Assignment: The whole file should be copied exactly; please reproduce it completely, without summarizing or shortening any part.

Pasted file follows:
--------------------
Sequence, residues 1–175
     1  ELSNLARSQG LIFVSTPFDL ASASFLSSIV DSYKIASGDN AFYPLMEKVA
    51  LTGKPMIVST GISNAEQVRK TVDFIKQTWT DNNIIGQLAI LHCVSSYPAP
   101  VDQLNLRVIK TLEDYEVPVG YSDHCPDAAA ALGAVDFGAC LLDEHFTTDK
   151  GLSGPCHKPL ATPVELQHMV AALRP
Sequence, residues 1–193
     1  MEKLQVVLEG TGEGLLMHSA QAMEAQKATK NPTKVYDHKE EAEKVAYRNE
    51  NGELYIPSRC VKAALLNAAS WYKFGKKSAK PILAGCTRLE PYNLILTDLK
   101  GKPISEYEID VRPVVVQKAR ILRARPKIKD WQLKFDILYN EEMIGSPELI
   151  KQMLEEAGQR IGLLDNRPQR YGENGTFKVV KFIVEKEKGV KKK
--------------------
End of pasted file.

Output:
Sequence, residues 1–175
     1  ELSNLARSQG LIFVSTPFDL ASASFLSSIV DSYKIASGDN AFYPLMEKVA
    51  LTGKPMIVST GISNAEQVRK TVDFIKQTWT DNNIIGQLAI LHCVSSYPAP
   101  VDQLNLRVIK TLEDYEVPVG YSDHCPDAAA ALGAVDFGAC LLDEHFTTDK
   151  GLSGPCHKPL ATPVELQHMV AALRP
Sequence, residues 1–193
     1  MEKLQVVLEG TGEGLLMHSA QAMEAQKATK NPTKVYDHKE EAEKVAYRNE
    51  NGELYIPSRC VKAALLNAAS WYKFGKKSAK PILAGCTRLE PYNLILTDLK
   101  GKPISEYEID VRPVVVQKAR ILRARPKIKD WQLKFDILYN EEMIGSPELI
   151  KQMLEEAGQR IGLLDNRPQR YGENGTFKVV KFIVEKEKGV KKK